Review: Dead Metaphor

 Mike Gill and Carmela Sison, photo by Emily Cooper

Mike Gill and Carmela Sison, photo by Emily Cooper

When the people in your life think your only skill is killing, eventually you start to believe them. The events of George F. Walker’s Dead Metaphor are what comes next.

On April 6, 2016, Dead Metaphor premiered at the Firehall Arts Centre. The play centres on Dean, an ex-sniper who has recently returned from a stint in Afghanistan and is attempting to reintegrate into Canadian society. The cast consists of Dean, his pregnant ex-wife (who is soon to become his new wife), his aging parents, his career counsellor, and his counsellor’s campaigning politician wife Helen. The play explores the difficult position of a son struggling to aid his aging parents, while also tackling taboo issues through Helen, who subjugates women’s and same-sex marriage rights to achieve her own rise to power.

Throughout the show, the audience eagerly offered up enthusiastic laughter in response to Walker’s witty comedic writing. Unfortunately, however, some opening night hiccups detracted from the otherwise strong performances. Important tensions, such as Dean’s psychological state post-combat, did not feel fully developed, and many relevant lines fell flat.  

 Jovanni Sy (left) and Mike Gill, Photo by Emily Cooper

Jovanni Sy (left) and Mike Gill, Photo by Emily Cooper

While nervousness characterized the first act, the actors seemed calmer after the intermission. Meghan Gardiner delivered the strongest performance as Helen, a deplorable dictator-type who the audience immediately loved to hate. Alec Willows also impressed as Dean’s unwell father Hank. Hank’s degrading health and subsequent lack of inhibition made for some of the play’s funniest scenes. Finally, Jovanni Sy expertly portrayed one of the play’s most interesting characters, Oliver, as he grappled with his position as a career counsellor and the demands of his domineering wife Helen.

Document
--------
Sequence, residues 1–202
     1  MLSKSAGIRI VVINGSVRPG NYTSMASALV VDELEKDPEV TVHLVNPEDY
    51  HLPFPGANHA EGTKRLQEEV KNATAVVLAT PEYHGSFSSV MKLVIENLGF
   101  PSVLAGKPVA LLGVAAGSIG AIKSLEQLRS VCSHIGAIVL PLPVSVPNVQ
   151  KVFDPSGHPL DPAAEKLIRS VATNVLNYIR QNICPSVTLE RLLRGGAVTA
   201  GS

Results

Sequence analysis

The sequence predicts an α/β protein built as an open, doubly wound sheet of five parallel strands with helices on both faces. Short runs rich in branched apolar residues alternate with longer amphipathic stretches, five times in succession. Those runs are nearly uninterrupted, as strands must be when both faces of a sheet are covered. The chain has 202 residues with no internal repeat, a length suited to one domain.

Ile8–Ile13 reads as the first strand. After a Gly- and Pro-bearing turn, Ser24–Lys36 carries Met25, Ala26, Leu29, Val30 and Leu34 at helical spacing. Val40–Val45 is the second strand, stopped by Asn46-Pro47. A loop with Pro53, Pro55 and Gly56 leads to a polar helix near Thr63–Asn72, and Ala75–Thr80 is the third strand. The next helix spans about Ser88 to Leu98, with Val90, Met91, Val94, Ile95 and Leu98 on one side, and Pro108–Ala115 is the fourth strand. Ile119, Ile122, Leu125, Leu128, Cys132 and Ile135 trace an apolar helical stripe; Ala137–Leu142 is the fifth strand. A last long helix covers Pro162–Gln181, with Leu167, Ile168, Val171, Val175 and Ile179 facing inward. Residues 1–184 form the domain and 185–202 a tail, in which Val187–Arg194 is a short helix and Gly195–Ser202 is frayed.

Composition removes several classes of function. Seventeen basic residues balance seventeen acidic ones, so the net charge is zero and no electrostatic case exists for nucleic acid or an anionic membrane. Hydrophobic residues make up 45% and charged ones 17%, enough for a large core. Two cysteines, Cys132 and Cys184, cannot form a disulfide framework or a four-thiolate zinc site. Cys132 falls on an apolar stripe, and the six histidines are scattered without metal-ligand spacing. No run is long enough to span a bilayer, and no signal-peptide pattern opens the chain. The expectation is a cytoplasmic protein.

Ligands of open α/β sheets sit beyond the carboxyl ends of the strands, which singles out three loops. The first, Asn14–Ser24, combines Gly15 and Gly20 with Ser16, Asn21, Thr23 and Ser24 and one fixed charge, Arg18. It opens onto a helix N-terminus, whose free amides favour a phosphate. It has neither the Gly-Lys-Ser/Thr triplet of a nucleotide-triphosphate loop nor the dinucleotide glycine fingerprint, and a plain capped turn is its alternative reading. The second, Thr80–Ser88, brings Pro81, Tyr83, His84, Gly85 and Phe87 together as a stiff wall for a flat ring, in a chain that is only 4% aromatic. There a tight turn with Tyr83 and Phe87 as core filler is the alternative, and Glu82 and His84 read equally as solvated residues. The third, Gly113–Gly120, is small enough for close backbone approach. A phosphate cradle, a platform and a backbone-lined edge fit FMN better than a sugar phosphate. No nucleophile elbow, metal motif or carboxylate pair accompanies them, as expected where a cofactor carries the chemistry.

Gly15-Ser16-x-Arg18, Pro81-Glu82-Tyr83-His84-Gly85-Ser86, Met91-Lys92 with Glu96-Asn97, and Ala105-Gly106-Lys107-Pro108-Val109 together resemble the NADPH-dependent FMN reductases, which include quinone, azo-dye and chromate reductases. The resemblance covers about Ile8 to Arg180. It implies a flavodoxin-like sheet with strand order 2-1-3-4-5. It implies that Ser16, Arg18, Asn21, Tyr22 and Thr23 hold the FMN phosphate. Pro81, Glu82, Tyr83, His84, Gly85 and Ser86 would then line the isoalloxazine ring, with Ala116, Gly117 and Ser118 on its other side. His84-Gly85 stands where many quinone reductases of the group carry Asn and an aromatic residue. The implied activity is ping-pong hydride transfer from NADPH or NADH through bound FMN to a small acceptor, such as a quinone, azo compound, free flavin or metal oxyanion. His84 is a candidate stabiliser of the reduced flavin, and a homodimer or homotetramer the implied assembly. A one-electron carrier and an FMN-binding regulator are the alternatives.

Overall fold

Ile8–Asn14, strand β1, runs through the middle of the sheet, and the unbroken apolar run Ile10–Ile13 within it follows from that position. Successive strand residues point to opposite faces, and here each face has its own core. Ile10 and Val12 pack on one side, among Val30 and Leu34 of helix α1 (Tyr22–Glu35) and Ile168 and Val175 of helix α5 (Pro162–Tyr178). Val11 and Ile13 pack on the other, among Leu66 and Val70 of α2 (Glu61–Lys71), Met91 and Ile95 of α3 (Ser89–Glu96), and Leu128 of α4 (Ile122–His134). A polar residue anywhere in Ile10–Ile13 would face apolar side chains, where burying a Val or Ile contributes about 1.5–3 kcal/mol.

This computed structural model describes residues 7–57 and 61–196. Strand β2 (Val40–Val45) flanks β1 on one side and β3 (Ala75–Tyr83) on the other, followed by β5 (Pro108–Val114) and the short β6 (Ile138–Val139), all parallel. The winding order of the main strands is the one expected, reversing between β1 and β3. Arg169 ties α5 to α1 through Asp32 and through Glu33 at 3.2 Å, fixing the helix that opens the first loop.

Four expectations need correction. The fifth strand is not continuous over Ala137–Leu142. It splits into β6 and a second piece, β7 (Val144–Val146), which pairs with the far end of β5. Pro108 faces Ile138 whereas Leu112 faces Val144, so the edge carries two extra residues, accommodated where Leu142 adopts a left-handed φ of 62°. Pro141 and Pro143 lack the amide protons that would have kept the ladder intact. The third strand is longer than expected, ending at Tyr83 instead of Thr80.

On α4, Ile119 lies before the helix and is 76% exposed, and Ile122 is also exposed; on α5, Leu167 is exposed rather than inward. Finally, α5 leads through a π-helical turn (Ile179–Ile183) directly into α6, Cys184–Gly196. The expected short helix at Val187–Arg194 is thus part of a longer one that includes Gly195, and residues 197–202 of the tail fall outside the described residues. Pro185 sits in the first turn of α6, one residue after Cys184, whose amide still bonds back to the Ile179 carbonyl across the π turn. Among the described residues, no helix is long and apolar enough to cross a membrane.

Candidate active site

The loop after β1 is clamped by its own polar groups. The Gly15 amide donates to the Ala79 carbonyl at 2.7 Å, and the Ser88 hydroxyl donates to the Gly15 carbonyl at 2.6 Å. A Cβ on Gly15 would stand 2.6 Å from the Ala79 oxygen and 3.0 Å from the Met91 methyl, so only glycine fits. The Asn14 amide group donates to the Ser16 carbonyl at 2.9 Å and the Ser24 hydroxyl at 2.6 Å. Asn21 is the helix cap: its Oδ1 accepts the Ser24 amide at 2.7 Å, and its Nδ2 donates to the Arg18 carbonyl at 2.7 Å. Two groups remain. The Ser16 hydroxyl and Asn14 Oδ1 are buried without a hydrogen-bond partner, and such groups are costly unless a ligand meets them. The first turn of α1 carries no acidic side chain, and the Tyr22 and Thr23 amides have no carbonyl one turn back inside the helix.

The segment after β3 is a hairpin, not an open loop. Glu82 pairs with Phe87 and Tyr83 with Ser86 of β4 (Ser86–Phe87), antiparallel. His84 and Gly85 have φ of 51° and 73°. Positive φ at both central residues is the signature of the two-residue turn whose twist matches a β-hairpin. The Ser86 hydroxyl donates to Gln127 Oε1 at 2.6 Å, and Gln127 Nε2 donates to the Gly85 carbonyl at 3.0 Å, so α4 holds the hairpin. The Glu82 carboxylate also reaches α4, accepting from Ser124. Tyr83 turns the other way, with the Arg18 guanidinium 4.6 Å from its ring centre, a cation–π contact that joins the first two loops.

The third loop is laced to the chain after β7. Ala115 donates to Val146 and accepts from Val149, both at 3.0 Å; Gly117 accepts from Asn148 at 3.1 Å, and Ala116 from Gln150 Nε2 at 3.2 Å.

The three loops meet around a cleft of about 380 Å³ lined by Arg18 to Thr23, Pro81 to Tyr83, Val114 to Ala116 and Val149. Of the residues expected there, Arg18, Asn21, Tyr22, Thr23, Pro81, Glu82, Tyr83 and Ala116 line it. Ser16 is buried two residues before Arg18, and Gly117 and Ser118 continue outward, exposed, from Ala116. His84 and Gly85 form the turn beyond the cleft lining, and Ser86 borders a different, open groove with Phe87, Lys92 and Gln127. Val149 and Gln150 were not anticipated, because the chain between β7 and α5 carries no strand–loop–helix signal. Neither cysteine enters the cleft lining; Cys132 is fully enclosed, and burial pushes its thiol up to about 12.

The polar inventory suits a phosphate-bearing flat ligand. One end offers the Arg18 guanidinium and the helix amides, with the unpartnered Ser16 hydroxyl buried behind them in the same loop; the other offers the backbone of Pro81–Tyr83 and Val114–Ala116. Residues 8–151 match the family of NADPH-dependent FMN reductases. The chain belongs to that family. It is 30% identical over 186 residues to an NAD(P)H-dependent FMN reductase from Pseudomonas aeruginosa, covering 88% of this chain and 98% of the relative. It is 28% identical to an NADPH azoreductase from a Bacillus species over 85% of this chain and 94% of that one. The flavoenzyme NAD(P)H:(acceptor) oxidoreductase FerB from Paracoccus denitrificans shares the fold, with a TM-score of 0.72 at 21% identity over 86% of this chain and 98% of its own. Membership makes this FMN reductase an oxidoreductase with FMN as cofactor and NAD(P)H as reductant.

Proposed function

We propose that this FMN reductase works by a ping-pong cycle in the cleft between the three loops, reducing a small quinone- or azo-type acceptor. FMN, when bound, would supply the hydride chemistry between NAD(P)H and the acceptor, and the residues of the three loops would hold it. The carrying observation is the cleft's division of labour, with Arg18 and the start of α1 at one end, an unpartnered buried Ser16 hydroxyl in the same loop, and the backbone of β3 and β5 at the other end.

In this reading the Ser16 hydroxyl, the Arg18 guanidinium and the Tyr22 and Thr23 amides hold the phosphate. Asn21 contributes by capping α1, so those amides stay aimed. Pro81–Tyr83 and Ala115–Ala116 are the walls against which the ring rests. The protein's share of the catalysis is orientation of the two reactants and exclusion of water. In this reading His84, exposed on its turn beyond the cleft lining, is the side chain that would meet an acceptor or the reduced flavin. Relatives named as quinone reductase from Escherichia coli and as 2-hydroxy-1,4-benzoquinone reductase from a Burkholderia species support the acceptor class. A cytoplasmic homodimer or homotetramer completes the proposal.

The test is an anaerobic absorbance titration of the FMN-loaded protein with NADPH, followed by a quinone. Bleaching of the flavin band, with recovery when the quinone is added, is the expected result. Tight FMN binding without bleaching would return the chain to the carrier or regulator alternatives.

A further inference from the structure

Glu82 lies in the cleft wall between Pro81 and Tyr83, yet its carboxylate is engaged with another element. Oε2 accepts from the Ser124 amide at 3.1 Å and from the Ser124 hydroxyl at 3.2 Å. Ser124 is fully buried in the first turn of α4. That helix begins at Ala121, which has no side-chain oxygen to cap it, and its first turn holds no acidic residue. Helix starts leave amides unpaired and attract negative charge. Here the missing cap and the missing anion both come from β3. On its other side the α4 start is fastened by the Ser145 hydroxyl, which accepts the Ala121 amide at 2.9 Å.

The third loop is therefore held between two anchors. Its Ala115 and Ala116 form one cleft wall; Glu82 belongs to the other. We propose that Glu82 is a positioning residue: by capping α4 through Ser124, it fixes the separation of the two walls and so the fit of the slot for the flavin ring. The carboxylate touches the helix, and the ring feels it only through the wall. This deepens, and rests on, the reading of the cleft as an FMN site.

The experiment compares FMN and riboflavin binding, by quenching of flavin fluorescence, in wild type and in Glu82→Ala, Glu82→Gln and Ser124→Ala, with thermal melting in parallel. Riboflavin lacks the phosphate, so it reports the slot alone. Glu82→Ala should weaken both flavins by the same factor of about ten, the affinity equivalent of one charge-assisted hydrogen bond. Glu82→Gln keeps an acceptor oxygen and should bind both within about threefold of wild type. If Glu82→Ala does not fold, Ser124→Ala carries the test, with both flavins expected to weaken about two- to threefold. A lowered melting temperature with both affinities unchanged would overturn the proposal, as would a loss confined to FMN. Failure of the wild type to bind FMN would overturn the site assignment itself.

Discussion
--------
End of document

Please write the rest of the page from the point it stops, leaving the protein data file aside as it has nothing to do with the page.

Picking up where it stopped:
The absurdity that results when Dean’s sniper past confronts the people in his civilian life defined the second act. The multi-purpose set contributed effectively to the humourous chaos that ensued; actors circled the set to cover long distances, and dramatic goodbyes over the phone took place even as characters stood side-by-side. The final scene of the play redefined the boundaries of the set, and left the audience giddily unsettled. At least in part due to the shakiness of opening night, however, the cliffhanger ending left some of the audience unsatisfied.

Thanks to some strong performances and clever writing, Dead Metaphor sustained the audience’s attention for the duration of the play. Hopefully with improved line delivery and memorization, the show will demonstrate its full potential in the days to come.

 

Dead Metaphor runs from April 2 to 23, 2016, at the Firehall Arts Centre. For tickets and information, visit firehallartscentre.ca.